The pedigree of our words will run then as shown below, without making use of the well-known Servian and SouthWestern tendency to ь as opposed to the Bulgarian and NorthEastern tendency to ы.

Xplorós (-xpiw, Masih = Messiah).

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Xpŋoros (good, mild, meek).

Kрьсть, Servian.

+ Chrestus, Suetonius.
+ Христити, христивый,

O. Slav.

Християнинъ, Russ. dialect of


Hrisjanin, Bulgarian.

I take it the presence of a Bulgarian and a Russian form on the right-hand side with the very letter derived from Greek 7 may justify one in thinking that the two forms were used side by side as equivalent, the former being the more theological, the latter the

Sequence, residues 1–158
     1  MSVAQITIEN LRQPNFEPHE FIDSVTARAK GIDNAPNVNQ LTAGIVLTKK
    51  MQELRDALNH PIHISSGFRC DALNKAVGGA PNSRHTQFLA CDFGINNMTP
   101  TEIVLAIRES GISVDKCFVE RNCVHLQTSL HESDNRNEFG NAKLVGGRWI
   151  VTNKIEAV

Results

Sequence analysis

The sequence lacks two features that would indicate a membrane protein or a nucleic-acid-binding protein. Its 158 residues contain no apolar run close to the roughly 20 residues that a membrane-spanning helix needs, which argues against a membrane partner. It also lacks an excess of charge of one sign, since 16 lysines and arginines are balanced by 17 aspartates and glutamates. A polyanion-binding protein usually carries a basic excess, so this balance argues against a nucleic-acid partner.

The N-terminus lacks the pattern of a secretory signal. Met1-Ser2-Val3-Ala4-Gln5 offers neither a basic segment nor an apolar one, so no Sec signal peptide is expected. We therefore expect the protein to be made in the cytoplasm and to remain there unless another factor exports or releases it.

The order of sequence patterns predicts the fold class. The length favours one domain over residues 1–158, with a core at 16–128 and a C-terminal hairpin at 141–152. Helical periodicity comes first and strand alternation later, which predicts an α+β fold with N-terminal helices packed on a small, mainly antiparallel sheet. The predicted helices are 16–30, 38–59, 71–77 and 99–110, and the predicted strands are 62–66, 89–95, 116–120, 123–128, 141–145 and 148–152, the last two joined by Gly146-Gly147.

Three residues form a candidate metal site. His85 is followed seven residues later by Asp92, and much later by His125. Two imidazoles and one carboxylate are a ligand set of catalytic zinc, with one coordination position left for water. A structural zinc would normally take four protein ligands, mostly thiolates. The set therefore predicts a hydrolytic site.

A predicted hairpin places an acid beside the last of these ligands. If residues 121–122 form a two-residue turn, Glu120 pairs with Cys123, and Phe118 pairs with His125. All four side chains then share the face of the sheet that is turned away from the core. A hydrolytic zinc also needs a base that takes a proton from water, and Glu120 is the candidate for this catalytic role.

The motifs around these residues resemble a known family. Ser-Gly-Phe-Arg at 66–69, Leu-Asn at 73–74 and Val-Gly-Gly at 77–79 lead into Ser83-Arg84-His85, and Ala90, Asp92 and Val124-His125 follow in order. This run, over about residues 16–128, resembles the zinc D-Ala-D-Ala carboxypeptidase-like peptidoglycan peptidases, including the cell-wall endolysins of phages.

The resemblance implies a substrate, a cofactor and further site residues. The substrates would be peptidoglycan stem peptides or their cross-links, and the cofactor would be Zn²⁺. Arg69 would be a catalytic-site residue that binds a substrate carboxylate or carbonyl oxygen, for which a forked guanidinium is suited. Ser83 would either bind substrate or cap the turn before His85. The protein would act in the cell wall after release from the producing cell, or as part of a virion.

1 Orosius points out the ambiguity of Suetonius and reads Christo in his


more descriptive. Both would leave representatives-and Suetonius is a fairly early evidence for the ē form. и in modern Russian is sometimes spoken of as the hard i as distinguished from the pure ; but this difference does not bear on the present question. In point of alphabetical place and evolution of form the u of to-day is a legitimate descendant of the old and the two sounds, must have been but very slightly distinguished in quality if in nothing else in the first century of our era. The modern confusion of 7, , and v is in no uncertain sense later in date than our period.


P.S.-In ordinary Russian a mere transcription of the Greek is used in such phrases as Xристось воскресь, the Easter greeting.